Harmonize, Search, and Analyze Loosely Coupled Datasets on AWS
You have come up with an exciting hypothesis, and now you are keen to find and analyze as much data as possible to prove (or refute) it. There are many datasets that might be applicable, but they have been created at different times by different people and don’t conform to any common standard. They use different names for variables that mean the same thing and the same names for variables that mean different things. They use different units of measurement and different categories. Some have more variables than others. And they all have data quality issues (for example, badly formed dates and times, invalid geographic coordinates, and so on).
You first need a way to harmonize these datasets, to identify the variables that mean the same thing and make sure that these variables have the same names and units. You also need to clean up or remove records with invalid data.
After the datasets are harmonized, you need to search through the data to find the datasets you’re interested in. Not all of them have records that are relevant to your hypothesis, so you want to filter on a number of important variables to narrow down the datasets and verify they contain enough matching records to be significant.
Having identified the datasets of interest, you are ready to run your custom analyses on the data they contain so that you can prove your hypothesis and create beautiful visualizations to share with the world!
In this blog post, we will describe a sample application that illustrates how to solve these problems. You can install our sample app, which will:
- Harmonize and index three disparate datasets to make them searchable.
- Present a data-driven, customizable UI for searching the datasets to do preliminary analysis and to locate relevant datasets.
- Integrate with Amazon Athena and Amazon QuickSight for custom analysis and visualization.
The Police Data Initiative seeks to improve community and law enforcement relations through the public availability of data related to police activity. Datasets from participating cities, available through the Public Safety Open Data Portal, have many of the problems just outlined. Despite the commonality of crime and location metadata, there is no standard naming or value scheme. Datasets are stored in various locations and in various formats. There is no central search and discovery engine. To gain insights and value from this data, you have to analyze datasets city by city.
Although the focus of this post is police incident data, the same approach can be used for datasets in other domains, such as IoT, personalized medicine, news, weather, finance, and much more.
Our architecture uses the following AWS services:
- Amazon EMR (with Apache Spark and Jupyter notebooks) to explore, clean, harmonize (transform), describe, and save multiple, loosely coupled datasets.
- Amazon S3 to store both raw and harmonized datasets.
- Amazon Elasticsearch Service (Amazon ES) to host secure, searchable indexes of selected dataset variables and the associated dictionary/metadata used to power the search web page.
- Amazon EC2 Container Service (ECS) to host a web-based search UI.
- Amazon Athena and Amazon QuickSight to provide analysis and reporting.
- AWS CodeBuild and AWS CodePipeline to build and deliver the search UI application on ECS.
- AWS Identity and Access Management (IAM) policies and instance roles allow least-privilege access to Amazon ES from the UI containers and from the EMR cluster.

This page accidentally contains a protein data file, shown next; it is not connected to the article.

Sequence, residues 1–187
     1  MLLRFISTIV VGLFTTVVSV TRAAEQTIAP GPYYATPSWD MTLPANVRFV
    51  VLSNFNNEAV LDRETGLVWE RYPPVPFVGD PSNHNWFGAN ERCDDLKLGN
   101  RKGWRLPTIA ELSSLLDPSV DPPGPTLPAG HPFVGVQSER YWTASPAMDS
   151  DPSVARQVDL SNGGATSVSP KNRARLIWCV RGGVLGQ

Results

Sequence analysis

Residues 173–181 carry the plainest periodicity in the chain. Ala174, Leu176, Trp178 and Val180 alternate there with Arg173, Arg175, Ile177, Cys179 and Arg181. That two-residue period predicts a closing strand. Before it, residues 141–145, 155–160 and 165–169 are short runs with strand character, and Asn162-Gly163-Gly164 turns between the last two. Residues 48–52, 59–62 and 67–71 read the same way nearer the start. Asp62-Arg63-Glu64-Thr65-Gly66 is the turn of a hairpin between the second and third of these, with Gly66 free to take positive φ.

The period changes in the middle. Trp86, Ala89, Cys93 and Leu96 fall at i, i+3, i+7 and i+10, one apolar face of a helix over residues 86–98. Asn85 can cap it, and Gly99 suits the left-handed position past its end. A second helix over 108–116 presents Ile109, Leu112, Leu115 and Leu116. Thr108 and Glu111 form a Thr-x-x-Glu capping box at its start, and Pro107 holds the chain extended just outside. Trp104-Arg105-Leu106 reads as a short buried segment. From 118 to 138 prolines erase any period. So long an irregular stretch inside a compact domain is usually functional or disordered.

- AWS CloudFormation to orchestrate the provisioning of the environment.
The diagram below illustrates the solution architecture:
Install and configure the sample solution
Use this CloudFormation button to launch your own copy of the sample application in AWS region us-east-1:
NOTE: We have tested the solution in AWS region us-east-1. To deploy in a different region you must first fork our GitHub repository and review the README.md file to learn how to publish the solution templates and source code to your own S3 artifact bucket in your desired region. When selecting a region other than us-east-1, please first reference the Region Table to verify that your region supports both Amazon Athena and Amazon Quicksight.
The source code is available in our GitHub repository.
Enter an EC2 key pair and a password you will use to access Jupyter notebooks on your new EMR cluster. (You can create a key pair in the EC2 console.)
The master CloudFormation stack uses several nested stacks to create the following resources in your AWS account:
- VPC with public and private subnets in two Availability Zones.
- Amazon ES domain (2 x t2.small master nodes and 2 x t2.small data nodes) to store indexes and process search queries. Cost approx. $0.12/hr.
- S3 bucket for storing datasets and EMR logs.
- EMR cluster (1 x m4.2xlarge master node, 2 x m4.2xlarge core nodes) with Apache Spark, Jupyter Notebooks, and the aws-es-kibana proxy server (courtesy of santthosh) to sign Elasticsearch service requests. Cost approx. $1.80/hr.
- ECS cluster (2 x t2.large nodes) and tasks that run the search and discover web service containers and the aws-es-kibana proxy server to sign Amazon ES requests. Cost approx. $0.20/hr.
- IAM roles with policies to apply least-privilege principles to instance roles used on ECS and EMR instances.
You will be billed for these resources while they are running. In the us-east-1 region, expect to pay a little more than $2 per hour.
The EMR cluster is the most significant contributor to the compute cost. After you have harmonized the datasets, you can terminate the EMR cluster because it’s used only for harmonization. You can create a new cluster later when you need to harmonize new data.
It can take between 30-60 minutes for CloudFormation to set up the resources. When CREATE_COMPLETE appears in the Status column for the main stack, examine the Outputs tab for the stack. Here you will find the links you need to access the Jupyter harmonization notebooks and the dataset search page UI.
Harmonize sample datasets
- Launch the Jupyter Notebook UI with the JupyterURL shown on the Outputs tab.
- Type the password you used when you launched the stack.
- Open the datasearch-blog folder: